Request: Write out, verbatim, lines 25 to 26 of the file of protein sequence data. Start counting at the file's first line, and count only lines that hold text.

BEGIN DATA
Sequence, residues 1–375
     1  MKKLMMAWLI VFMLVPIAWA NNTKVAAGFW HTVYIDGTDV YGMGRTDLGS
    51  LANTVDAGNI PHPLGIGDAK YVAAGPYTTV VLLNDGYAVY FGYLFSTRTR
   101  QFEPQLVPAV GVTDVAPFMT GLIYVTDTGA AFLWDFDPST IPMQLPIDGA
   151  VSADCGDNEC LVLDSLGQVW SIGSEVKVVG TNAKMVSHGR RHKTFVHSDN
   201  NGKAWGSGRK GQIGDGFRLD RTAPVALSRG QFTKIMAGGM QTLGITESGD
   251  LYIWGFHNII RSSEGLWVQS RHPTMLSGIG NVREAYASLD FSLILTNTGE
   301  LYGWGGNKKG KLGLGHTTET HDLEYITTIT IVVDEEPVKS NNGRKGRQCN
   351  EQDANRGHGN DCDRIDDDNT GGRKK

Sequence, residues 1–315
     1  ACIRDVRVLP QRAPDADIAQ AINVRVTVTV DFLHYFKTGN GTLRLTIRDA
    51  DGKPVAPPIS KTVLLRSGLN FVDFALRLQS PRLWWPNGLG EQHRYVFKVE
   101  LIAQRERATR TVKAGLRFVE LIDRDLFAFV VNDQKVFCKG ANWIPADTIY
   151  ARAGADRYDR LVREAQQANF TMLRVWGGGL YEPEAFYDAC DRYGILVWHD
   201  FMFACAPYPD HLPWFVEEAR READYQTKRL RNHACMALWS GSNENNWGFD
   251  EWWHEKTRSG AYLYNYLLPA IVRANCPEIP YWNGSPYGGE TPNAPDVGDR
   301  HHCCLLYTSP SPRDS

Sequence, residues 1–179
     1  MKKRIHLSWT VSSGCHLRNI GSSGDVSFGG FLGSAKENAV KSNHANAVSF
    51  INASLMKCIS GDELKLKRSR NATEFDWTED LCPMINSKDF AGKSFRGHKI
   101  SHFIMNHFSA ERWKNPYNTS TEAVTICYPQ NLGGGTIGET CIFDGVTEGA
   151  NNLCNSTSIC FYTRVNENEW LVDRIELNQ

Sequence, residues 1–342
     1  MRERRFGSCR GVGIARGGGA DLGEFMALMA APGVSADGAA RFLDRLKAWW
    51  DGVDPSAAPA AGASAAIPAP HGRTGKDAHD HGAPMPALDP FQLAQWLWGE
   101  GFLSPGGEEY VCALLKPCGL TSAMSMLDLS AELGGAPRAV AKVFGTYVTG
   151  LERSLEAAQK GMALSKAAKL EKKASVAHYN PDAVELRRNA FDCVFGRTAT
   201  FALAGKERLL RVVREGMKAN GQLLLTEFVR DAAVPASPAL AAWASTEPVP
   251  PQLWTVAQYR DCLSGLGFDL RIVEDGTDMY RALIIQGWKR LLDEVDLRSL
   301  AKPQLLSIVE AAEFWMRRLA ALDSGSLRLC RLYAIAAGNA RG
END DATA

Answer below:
    51  DGVDPSAAPA AGASAAIPAP HGRTGKDAHD HGAPMPALDP FQLAQWLWGE
   101  GFLSPGGEEY VCALLKPCGL TSAMSMLDLS AELGGAPRAV AKVFGTYVTG